Thor’s hammer:Icelandic Celebration, 2012


That Thor was raging about was first noticeable during the Gimli Film Festival. During the showing of the  movie, Bob Marley, on the screen in the lake, the sky to the north lit up with lightening flashing through dark clouds. It ran in great flashes of horizontal flame. Gradually, it spread to the East side of the lake and started moving westward toward us. The movie was shut down before the electrical storm got too close. There were well over a thousand people on the beach.

The Icelandic Celebration was coming a few days later. Those of us who have spent a lifetime in Manitoba sniffed the air, kept an eye on the barometer, watched the sky. The heat became oppressive, the air muggy.

Friday, all hell broke loose, lightening and thunder and with a resounding crash, the thunder announced a downpour. Not a few drops, not a drizzle, not a light rain. Water was pouring off my roof in rivers. Water filled every low spot in the roads, filled the ditches, water poured down relentlessly.

During a break, I went out. There wasn’t a single person on the beach, no one on first avenue, all the food vans that had come to town were shuttered and dark.

It’s high summer and two brave customers in jackets order BBQ.

Saturday, the barometer started rising but the rain came again, not as bad. Some people braved the rain. There were a group of young women in front of the Credit Union selling tickets from under a bevy of umbrellas but there was no one to sell them to. I went to the harbour. There was hot dog vendor open and a couple were standing in front of it. All else was shuttered.

Even the Vikings from the hill abandoned camp for a breakfast at the white hotel. They came double file down the sidewalk, eight of them, one holding a recently born baby.

Sidewalk vendors are a determined lot. Some were trying to get their tents up in spite of the wind and rain but others left. There was no one to sell jewelry to, model airplanes to, no one to give henna tattoos to or read horoscopes for. One brave soul was setting up odd looking candles. I went to the pancake breakfast at the New Horizons Centre. Where, normally, there would be a line through the building and out the door onto the parking lot, there were empty tables and about six people lined up for sausages, pancakes, eggs, coffee.

The shot put, the sand castle building, the volleyball had to be delayed until the next day.

The weather report said sunny for Sunday and Monday. But later it said cloudy for Sunday. All eyes were fixed on Monday, the day of the parade. A year’s work goes into the parade. Normally, the streets are lined many deep as people come from all over to watch and listen as the bands, the floats, the dignitaries, go by.  The parade is where the distinguished guests are presented to the community, where the local politicians ride or walk to demonstrate their solidarity with the people. The Fjallkona, in her costume representing Iceland, flanked by her princesses, leads the way, first to the shrine to the first settlers, then to the stage to oversee the formal program with its speeches about the bonds between New Iceland and Old Iceland.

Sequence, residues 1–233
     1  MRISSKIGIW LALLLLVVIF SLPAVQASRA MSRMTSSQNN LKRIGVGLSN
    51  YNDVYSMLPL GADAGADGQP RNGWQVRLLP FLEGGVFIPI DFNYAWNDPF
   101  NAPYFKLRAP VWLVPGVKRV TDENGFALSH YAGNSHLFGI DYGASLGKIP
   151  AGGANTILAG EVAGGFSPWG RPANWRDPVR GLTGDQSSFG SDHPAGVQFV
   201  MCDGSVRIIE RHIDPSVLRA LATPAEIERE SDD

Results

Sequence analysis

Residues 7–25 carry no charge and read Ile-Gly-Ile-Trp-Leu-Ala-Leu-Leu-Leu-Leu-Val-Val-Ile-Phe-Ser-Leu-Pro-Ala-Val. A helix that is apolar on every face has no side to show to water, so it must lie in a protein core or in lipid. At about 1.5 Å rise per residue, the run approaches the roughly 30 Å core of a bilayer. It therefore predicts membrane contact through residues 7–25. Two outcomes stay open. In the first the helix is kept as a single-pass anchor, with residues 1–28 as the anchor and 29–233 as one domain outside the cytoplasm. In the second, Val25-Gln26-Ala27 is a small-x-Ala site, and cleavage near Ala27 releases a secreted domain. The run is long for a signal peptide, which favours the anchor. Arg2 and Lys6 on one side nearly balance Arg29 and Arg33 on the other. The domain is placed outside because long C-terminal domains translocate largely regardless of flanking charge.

To make matters worse, the Kvennakór Akureyrar (Akureyri Ladies Choir), would be on a large float. They had come from Iceland to sing, not to be drowned traveling down Centre Street.

Sunday morning there were clouds, even a slight sprinkle of rain, but no thunderheads. If there had been, it would have been time to make a sacrifice of a bull calf to Thor. The weather improved enough that a viking need for donuts asserted itself.

The clouds dissipated. The road races were on. A great gust of wind appeared. It was the vendors sighing with relief. The cultural and heritage pavilion opened. The Vikings had dried out and in the afternoon were ready to put on an entertaining example of Viking warfare. The Wondershow Midway and Rides was operating.

But all eyes were on the weather report for Monday. The day dawned bright and clear. When I walked down Centre Street to the staging area, optimism had returned. The sidewalks were already lined with chairs.

The Kvennakór Akureyrar (The Akreyri Laies Choir) ready to roll.

The parade was a great success. There were cheers and hand waving, candy throwing, blown kisses, wonderful Icelandic costumes, enthusiastic floats with people playing music and singing. The laying of the wreath by Fjallkona Connie Magnusson-Schimnowski was heartfelt. The speeches were passionate expressions of pride and love.

On the hill, the Vikings gathered for one last battle.

In the pavilion people slurped up Icelandic dainties and coffee in Amma’s kitchen, then came out to buy Icelandic coffee from Nelson Gerrard and Harley Jonasson, books from Lorna Tergesen and historic Icelandic books from Jim Anderson. Conversation was everything.

Oli Narfason talking to Þruður Helgadóttir and Þóra Margrét Baldvinsdóttir. You can be sure he´s speaking Icelandic. He not only speaks Icelandic but sings in it as well.

There were historic photos for sale, a new Icelandic alphabet book, vinartera. You could subscribe to Logberg-Heimskringla and purchase an Icelandic National League calendar.

And then it was over, the weather had held, friends and relatives had been reunited, visitors had been reminded of our Icelandic heritage, the Reykjavik Bakery had gone through rivers of kaffi and mountains of kleinur.

Now, it was time to take down the tents, stack up the chairs, sweep the floors and put everything away for when we meet again next year.